Philip Dearest is the sweetest thing at HOTA

With HOTA, Home of the Arts constantly on the lookout for ways to showcase local artists, it seemed like a shame to let a perfectly good candy bar wall go to waste! Hence HOTA’s Candy Bar Commission, in operation since 2018.

Now 2020’s sweetest exhibiting artist is illustrator Philip Dearest, whose portraiture explores themes such as identity, disability and mental health (or “the awkward”, as he calls it.)

While his work may be missing out on a couple of months of in-person exposure due to HOTA’s current closure, it doesn’t mean we can’t give him plenty of love in the digital space, where he has a significant presence already (see link at bottom of article).

Like many artists, making art on a regular basis greatly helps Philip work through and manage his mental health. His work for the Candy Bar Commission features two still-life studies he made on his iPad while in a psychiatric hospital for agoraphobia exposure therapy.

“Each day I had to force myself outside for 30 plus seconds a day and find a leaf or flower, touch/smell/experience it and then bring it back inside and do a still life study,” Philip explains.

“Cognitively, it’s the only way I can properly process relationships / trauma / daily social situations around me that usually baffle me.”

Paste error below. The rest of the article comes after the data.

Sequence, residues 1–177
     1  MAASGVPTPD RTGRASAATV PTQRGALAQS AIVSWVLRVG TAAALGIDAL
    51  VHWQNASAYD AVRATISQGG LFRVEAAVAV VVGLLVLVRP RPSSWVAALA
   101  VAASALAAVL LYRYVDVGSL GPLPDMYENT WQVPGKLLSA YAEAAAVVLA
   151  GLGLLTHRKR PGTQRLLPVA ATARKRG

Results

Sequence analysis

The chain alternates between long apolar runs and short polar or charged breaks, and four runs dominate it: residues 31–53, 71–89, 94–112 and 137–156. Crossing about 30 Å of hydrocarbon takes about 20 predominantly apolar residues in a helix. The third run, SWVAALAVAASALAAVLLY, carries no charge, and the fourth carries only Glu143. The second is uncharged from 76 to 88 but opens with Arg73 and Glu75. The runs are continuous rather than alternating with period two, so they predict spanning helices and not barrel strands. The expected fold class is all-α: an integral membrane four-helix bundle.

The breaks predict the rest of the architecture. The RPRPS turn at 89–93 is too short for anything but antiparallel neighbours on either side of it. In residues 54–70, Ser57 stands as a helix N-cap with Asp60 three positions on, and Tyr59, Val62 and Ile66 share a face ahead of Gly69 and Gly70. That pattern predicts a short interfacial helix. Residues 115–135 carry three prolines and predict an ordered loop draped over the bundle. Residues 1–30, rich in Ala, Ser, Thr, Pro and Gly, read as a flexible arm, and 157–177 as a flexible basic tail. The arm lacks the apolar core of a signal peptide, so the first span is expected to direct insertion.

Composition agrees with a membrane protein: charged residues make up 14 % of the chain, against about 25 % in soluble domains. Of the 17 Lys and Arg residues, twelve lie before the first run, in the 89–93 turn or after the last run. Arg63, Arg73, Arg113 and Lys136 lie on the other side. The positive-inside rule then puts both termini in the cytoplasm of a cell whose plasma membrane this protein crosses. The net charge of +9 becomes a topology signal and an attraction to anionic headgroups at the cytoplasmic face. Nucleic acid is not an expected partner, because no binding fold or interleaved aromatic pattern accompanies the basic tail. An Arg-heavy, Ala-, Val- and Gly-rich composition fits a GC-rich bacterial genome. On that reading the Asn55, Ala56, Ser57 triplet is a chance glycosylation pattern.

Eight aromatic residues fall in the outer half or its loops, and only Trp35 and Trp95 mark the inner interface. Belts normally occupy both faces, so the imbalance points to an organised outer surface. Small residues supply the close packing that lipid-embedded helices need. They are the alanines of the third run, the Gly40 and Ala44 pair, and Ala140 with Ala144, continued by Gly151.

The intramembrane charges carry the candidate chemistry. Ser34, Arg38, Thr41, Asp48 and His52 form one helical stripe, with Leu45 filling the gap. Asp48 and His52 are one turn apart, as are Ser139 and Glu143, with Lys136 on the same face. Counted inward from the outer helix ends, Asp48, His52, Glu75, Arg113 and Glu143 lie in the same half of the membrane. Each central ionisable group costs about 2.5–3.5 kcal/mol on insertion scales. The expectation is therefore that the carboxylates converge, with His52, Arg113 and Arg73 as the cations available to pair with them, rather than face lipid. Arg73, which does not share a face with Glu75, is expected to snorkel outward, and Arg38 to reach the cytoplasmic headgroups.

As well as illustrating, Philip works across various mediums including digital art, painting, drawing and making zines. He’s participated in the MCA Zine Fair, Indie Comic Con, Supanova, Oz Comiccon, and numerous art fairs where he sells his zines and illustrations on t-shirts, posters, badges and stickers. His zines are held in the National Library of Australia collection, and are a particular passion project.

“[Art’s] gotta be accessible to everyone, especially the poor or disabled.  I’ll always post my art free online but I also adore the DIY low cost culture of zines,” he explains.

“It’s exhilarating to hold your work in a printed format (after growing up online) and be able to give them out to anyone/everyone.  I’ve self-published hundreds of zines and hope to never stop.  It took me a couple years to “click” that I should be selling the zines so that I could cover the cost of printing them at Officeworks… I’m not v good at money.”

One thing he is incredibly good at though, is his online presence, where he has built up a supportive community around his art and mental health, which to Philip are inextricably intertwined.

“It’s incrrrrredibly kind, forgiving and adorable on Instagram, people are grand,” he says.

“I “cut-my-teeth” on free online art scenes and social media.  It’s a rad way for anxious folk to show their work and not have to endure the torture of face-to-face interaction or the gross closed off uppity fine art gallery culture that some artists weirdly drool over.  Accessible art ‘til death, amirite?”

Indeed! And until you can access Philip’s Candy Bar Commission and HOTA foyer pieces in person, you can hit up all his spaces on

This interview contains reference to mental health issues experienced by Philip. If you’re experiencing any issues with your mental health or well being then please considering seeking health or advice by calling Beyond Blue 1300 224 636 or Lifeline 12 11 14.

Interview by Sally Wright, HOTA gallery team

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